Beach, booze. Not so fast

In the Hampton Roads area, many localities do not allow you to drink on the beach (WYDaily Photo/ Courtesy of Pixabay)
In the Hampton Roads area, many localities do not allow you to drink on the beach (Southside Daily/Courtesy of Pixabay)

Memorial Day is associated with remembering military service members who died in action, parades, family cook-outs, beach days and of course, alcohol.

In Hampton Roads, localities like Williamsburg, York County, James City County, Hampton, Newport News, Norfolk and Virginia Beach have beachfronts, public water access and parks where people can frequent for the holidays. However, not all of those areas allow visitors to drink on the beach.

In Williamsburg, York County and James City County, each city ordinances does not allow people to drink publicly unless there is a special use permit obtained by the city to serve alcohol.

“With these special events, there is a defined area where alcohol may be consumed; and these events typically require the event holder to hire off duty police officers to make sure the event plans are followed and enforce any violations,” Charles Ericsson, spokesman for the Williamsburg Police Department, wrote in an email.

The localities prohibit open containers and people who violate the rules can receive anything from a warning to a class 4 misdemeanor with a fine.

In Virginia, it is illegal to have an open container of alcohol, but there are some exceptions to the rule.

Capt. Dennis Ivey, spokesman for the York-Poquoson Sheriff’s Office, said those who violate the law are given a “common sense warning,” meaning either get rid of the alcohol, if it is an open container, or put it in the trunk of your car.

How about the Oceanfront in Virginia Beach? Norfolk?

“You can’t drink in public here at all,” said Linda Kuehn, master police officer and spokeswoman for the Virginia Beach Police Department.

The city has a no open container policy, despite being a tourist destination, and depending on the circumstances, people who don’t comply can get a class 4 misdemeanor, or up to a $250 fine, Kuehn said.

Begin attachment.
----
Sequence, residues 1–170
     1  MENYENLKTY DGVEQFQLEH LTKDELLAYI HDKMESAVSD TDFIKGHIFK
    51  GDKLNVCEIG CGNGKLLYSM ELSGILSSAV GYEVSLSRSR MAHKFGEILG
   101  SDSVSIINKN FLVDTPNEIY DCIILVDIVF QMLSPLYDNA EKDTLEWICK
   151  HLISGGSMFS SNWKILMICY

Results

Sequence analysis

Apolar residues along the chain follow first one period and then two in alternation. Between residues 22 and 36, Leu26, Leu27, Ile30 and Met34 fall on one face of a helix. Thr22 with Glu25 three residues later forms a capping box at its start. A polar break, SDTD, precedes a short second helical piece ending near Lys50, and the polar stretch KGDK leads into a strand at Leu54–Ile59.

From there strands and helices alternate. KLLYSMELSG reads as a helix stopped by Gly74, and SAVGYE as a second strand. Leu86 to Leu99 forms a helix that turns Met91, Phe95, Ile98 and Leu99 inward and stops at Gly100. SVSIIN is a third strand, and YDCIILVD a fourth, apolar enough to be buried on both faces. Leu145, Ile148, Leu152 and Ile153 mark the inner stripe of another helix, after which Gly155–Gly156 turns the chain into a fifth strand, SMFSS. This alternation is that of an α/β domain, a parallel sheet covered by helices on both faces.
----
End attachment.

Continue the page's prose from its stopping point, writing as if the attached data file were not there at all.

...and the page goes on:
Norfolk and Newport News have a similar code, which means drinking at Ocean View or Huntington Beach is off limits.

“As far as alcohol on Virginia public parks, state law permits alcohol use only in private areas, inside a cabin or camping unit, or in areas designated on permits issued by the Virginia Department of Alcoholic Beverage Control,” Brandon Maynard, spokesman for the Newport News Police Department, wrote in an email.

It’s unclear what the rules are in Hampton and how the regulations are enforced. The city’s code doesn’t allow people to drink alcohol.

WYDaily reached out to the police department multiple times for comment but a representative was not immediately available.

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John Mangalonzo (john@localvoicemedia.com) is the managing editor of Local Voice Media’s Virginia papers – WYDaily (Williamsburg), Southside Daily (Virginia Beach) and HNNDaily (Hampton-Newport News). Before coming to Local Voice, John was the senior content editor of The Bellingham Herald, a McClatchy newspaper in Washington state. Previously, he served as city editor/content strategist for USA Today Network newsrooms in St. George and Cedar City, Utah. John started his professional journalism career shortly after graduating from Lyceum of The Philippines University in 1990. As a rookie reporter for a national newspaper in Manila that year, John was assigned to cover four of the most dangerous cities in Metro Manila. Later that year, John was transferred to cover the Philippine National Police and Armed Forces of the Philippines. He spent the latter part of 1990 to early 1992 embedded with troopers in the southern Philippines as they fought with communist rebels and Muslim extremists. His U.S. journalism career includes reporting and editing stints for newspapers and other media outlets in New York City, California, Texas, Iowa, Utah, Colorado and Washington state.